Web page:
Q&A with materials innovator Dane Morgan

Posted on 27. Sep, 2013 by in Academic Departments, Annual Report, Chemical and Biological Engineering, Issues, Materials Science and Engineering, People, Research

 

Dane Morgan

Dane Morgan

Associate professor, materials science and engineering and engineering physics
Co-Director, Wisconsin Materials Institute

Talk about your research. What, simply, do you study?
I use computational modeling to understand and predict materials properties for a wide range of applications. By solving the fundamental quantum mechanical equations that describe atomic interactions, I can predict how atoms will behave with very limited experimental input. In terms of applications, a major focus of my work is energy technologies, including fuel cells, batteries and nuclear materials, but I also work in the areas of high-pressure and aqueous mineral geoscience and defect properties in semiconductors.

What are the key technical issues you focus on and how do you collaborate with others on campus to develop solutions?
The precise research challenges are specific to different applications, but a theme is the challenge of connecting the length scales of atoms—where I can make very precise predictions—with the much larger length scales of the technologies we use. This is often called the challenge of multiscale modeling. I generally bridge scales using thermodynamic and kinetic theories that are able to connect atomic processes—for example, the energy of a lithium atom in a crystal—to macroscale properties—for example, lithium battery voltages.

I collaborate with many of my UW-Madison colleagues to bring the inter-disciplinary skills needed to solve complex problems. For example, I work with a wonderful team (Chemistry Professor Robert Hamers and Associate Professor Mahesh Mahanthappa, and Chemical Engineering Professor Tom Kuech) with skills in electrochemistry, coatings and polymer chemistry to try to understand how to improve the performance of lithium batteries. I am also part of the UW-Madison Materials Research Science and Engineering Center integrated computational group. Led by Materials Science and Engineering Associate Professor Izabela Szlufarska, the group brings together modelers from all over campus with complimentary simulation skills.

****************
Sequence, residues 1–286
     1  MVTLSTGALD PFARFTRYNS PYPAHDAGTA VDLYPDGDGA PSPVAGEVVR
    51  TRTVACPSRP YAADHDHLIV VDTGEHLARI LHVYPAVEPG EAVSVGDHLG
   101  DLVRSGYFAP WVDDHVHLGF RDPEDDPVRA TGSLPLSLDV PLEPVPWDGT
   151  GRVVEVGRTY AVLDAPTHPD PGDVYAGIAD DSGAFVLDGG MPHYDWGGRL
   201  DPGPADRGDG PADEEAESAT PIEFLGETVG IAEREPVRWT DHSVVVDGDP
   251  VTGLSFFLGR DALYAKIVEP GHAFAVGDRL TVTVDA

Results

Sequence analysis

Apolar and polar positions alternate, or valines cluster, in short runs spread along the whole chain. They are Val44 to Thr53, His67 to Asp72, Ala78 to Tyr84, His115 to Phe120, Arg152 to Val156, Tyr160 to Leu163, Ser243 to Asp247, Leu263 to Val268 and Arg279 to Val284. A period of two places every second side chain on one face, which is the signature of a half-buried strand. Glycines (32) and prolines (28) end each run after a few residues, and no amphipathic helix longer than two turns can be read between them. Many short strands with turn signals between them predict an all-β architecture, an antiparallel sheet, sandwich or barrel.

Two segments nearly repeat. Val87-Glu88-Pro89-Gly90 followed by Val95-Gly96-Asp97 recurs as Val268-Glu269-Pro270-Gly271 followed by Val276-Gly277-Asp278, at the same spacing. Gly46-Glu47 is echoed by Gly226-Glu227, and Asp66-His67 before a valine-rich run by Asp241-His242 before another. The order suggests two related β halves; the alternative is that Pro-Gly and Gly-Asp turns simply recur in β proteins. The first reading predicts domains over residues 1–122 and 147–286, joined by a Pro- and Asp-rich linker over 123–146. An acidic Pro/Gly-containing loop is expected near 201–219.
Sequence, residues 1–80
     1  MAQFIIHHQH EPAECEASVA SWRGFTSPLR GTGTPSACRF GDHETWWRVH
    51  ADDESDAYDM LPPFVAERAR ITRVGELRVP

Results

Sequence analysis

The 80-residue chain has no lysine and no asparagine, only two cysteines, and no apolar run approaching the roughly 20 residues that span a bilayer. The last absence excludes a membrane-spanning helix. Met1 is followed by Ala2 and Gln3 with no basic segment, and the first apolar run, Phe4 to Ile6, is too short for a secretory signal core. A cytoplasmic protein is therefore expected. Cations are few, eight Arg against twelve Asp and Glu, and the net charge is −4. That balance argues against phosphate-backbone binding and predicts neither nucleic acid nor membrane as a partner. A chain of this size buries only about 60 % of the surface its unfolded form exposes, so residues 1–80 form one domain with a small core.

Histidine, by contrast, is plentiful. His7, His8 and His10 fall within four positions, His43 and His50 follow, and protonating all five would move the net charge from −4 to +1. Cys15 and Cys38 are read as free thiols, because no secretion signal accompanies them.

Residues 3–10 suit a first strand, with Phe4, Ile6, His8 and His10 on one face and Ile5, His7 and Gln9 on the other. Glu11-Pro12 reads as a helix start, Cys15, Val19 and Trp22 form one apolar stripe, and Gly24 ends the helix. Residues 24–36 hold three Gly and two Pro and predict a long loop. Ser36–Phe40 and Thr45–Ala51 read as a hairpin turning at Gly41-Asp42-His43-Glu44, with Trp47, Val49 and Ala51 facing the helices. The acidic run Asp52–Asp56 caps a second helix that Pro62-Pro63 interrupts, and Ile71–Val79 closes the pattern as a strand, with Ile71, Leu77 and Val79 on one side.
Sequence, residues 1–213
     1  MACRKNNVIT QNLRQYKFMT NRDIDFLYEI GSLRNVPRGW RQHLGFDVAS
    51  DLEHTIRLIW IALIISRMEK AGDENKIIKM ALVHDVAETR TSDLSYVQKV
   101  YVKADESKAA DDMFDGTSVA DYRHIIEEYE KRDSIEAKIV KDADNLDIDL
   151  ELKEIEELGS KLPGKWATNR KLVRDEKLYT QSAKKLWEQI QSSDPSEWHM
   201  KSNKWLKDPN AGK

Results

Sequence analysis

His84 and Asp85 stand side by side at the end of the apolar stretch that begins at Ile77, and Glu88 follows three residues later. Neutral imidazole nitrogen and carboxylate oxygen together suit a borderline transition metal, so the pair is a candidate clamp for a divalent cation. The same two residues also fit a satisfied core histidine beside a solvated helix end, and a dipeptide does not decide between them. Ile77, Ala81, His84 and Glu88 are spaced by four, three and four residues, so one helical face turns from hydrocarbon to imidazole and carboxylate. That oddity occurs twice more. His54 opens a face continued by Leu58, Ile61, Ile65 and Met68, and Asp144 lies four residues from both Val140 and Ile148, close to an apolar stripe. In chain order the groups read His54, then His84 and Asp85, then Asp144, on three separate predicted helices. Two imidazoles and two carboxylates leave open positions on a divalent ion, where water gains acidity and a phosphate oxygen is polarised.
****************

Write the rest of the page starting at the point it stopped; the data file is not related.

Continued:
What are some future opportunities or challenges in your research area?
Perhaps the most exciting opportunity to me right now is the recent advances in “first-principles” prediction, in which one can solve the fundamental quantum mechanical equations describing electrons and atoms to predict their properties without experiments. Such first-principles methods are now robust enough to take advantage of the full power of modern computers, which creates an unprecedented ability to generate valuable materials property data. It is no exaggeration to say that for some properties, first-principles calculations can now produce, in only a few years, more data than has been obtained in all of human history. For example, I can predict the stability of compounds and their elastic constants at a rate of dozens a day on a big cluster of computers. However, a key challenge is to connect these first-principles predictions to materials understanding and design. Knowing an elastic constant does not in itself tell me how to make a lighter battery or safer nuclear fuel cladding, but such data can greatly accelerate the design process if we can use it effectively.